BAY COUNTY, Fla. (WMBB)- The Bay County Emergency Operations Center (EOC) was the hub of Hurricane Michael related response.
The EOC was at full activation as the third strongest hurricane to ever hit the United States made landfall in the Panhandle.
“A group of us were standing at the doors at one point watching the wind and the rains and at that point, several trees broke and some power lines came down and they immediately put the hurricane shutters down so at that point we were in like a cocoon and it was eerily quiet, actually,” said Bay Co. Commission Chairman, Philip “Griff” Griffitts.
The Bay County emergency operations center is located in Southport just off of Highway 77. The center is miles inland, but those inside during the storm still felt the wrath just like everyone else.
However, for those inside the EOC, it wasn’t a time to sulk in the damage, it was time to get to work.
“There were about 50-75 people working 24 hours a day as the days progressed and I think at last count, we had 750 people a day working at the EOC,” said Griffitts.
Records show that more than 3,000 people signed into the EOC in the days before the storm, and the weeks to follow. The list included a variety of task forces and emergency responders all specialized in disaster relief.
“Their dedication is very important. To watch these people come in and do what they do and they’re all very skilled in their professions and we were very lucky to have them right there at the EOC after the storm for sure,” said Griffitts.
Even with help, both locally and nationally, there were still items to improve on. Along with improving communications for the future, officials are also making smaller changes when it comes to handling relief supplies. “We learned a lot of lessons about logistics. If a truck showed up with ten pallets of water, we needed to make sure a forklift was on site to make sure those palettes could be unloaded safely and timely,” he said.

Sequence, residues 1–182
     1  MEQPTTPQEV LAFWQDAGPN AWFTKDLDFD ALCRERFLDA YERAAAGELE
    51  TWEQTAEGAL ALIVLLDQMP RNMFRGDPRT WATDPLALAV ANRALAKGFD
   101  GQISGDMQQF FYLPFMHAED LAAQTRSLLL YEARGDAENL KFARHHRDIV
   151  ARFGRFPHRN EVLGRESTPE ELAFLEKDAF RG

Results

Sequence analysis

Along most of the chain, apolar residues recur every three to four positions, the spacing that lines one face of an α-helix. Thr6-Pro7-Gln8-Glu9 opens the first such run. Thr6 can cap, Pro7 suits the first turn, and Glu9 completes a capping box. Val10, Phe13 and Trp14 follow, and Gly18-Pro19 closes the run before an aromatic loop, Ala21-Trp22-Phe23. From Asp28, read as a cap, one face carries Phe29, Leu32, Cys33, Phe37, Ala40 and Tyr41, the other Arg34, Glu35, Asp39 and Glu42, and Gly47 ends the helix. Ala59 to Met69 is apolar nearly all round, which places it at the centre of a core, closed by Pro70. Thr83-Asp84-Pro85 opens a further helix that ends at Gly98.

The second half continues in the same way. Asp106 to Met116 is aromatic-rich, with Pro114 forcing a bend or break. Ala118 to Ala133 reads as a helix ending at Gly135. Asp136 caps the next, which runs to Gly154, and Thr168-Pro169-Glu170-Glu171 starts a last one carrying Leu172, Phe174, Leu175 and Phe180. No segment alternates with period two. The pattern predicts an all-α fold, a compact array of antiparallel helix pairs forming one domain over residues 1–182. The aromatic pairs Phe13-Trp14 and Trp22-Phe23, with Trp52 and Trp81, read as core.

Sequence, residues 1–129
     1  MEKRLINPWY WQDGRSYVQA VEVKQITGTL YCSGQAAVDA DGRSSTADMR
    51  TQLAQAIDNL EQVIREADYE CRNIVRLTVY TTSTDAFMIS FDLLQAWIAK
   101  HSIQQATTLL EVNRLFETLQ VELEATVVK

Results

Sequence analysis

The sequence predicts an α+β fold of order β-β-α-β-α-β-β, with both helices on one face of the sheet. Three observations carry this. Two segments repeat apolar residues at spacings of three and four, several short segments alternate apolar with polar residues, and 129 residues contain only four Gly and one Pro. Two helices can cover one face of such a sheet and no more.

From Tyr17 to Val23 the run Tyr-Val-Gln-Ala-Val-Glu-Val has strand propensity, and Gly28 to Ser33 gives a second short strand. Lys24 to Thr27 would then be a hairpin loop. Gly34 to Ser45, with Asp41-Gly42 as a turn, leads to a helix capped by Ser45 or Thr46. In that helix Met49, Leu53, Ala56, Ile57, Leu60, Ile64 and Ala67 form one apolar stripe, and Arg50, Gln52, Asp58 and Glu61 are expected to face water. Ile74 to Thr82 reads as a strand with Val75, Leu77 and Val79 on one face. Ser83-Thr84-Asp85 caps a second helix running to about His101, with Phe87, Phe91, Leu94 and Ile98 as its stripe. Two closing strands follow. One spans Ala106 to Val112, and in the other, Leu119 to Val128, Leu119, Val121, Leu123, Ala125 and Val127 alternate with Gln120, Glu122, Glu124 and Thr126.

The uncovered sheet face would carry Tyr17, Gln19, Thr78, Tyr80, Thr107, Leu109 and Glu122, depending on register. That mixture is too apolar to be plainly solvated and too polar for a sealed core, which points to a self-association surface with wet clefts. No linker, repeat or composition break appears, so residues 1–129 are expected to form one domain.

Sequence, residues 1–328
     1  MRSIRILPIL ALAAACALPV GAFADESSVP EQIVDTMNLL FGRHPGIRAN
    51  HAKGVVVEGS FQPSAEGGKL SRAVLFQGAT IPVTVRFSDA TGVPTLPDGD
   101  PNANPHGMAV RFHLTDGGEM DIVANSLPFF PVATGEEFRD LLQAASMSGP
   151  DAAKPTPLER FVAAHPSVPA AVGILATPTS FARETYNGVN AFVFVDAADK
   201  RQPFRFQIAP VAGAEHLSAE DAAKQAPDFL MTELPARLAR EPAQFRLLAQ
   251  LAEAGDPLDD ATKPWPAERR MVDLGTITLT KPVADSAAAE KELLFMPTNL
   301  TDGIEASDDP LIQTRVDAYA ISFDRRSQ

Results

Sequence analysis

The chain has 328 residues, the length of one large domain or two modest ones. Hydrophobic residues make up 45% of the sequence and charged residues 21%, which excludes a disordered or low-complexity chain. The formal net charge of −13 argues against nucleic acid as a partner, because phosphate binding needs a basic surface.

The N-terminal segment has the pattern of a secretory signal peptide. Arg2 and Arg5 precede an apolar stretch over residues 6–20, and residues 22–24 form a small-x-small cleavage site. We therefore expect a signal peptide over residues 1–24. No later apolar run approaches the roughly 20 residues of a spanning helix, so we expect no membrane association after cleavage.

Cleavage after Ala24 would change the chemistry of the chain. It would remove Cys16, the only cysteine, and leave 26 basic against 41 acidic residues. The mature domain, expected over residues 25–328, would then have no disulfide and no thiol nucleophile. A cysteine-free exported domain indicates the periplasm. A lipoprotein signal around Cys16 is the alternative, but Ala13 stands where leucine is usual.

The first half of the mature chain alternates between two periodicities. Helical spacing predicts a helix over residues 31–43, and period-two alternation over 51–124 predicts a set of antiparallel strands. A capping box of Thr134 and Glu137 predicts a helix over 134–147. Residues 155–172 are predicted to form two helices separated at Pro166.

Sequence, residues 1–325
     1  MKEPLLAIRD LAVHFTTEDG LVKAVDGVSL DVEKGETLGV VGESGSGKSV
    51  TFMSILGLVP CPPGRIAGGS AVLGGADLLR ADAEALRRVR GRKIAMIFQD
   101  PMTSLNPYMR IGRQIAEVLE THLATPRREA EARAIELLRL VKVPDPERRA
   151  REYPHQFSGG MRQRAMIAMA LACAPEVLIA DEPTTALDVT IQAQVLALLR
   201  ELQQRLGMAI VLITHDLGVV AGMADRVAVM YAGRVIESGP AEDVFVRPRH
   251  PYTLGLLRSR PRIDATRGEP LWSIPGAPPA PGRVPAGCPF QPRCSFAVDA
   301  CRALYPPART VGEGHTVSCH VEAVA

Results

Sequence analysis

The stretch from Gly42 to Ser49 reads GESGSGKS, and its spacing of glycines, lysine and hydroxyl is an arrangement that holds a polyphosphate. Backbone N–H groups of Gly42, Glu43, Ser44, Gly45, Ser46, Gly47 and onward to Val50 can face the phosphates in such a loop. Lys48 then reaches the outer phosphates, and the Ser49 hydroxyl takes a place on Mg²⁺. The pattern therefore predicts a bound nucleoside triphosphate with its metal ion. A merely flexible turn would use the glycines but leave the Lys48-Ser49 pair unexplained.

The EOC quickly turned from an information hub to a base camp. The center housed anywhere from 900 to 1,200 people at a time. Bay County Commission Chairman, Philip Griffitts, spent most of the days following the storm at the EOC and just from his time there, he noted a few things to improve on.
“We need to have redundancy in just about every utility that we own, whether it’s water, power or communications, we need to have redundancy in all those avenues so that the recovery effort can be a little faster,” he said.
Chief Mark Bowen, who has been in the emergency services field for years and dealt with disaster response, said the outpour of help was incredible in the weeks to follow but one thing would make the process even smoother.
“As many people as are willing and able, have to be trained in the national incident management system,” said Bay Co. Chief of Emergency Services, Mark Bowen.
By definition, the National Incident Management System helps guide all levels of government, as well as civilians, to work together to respond and recover from disastrous incidents.
“All you have to do is google FEMA incident command national incident management system, and anybody, anywhere who has access to a computer, and if you don’t have access to a computer, you can go to the Bay County library and use one… They can begin to take FEMA courses in incident command,” said Bowen.
Improving logistics and encouraging residents to take part in the action are just a few of the lessons learned from the storm. While there are things to improve on, officials with the county and EOC said they feel they handled the situation as best they could and plan to share what they’ve learned with the rest of the country.
“There will be other storms and there will be other communities and hopefully it won’t be as bad as what we faced, but we’ll be there to help them out along the way,” said Griffitts.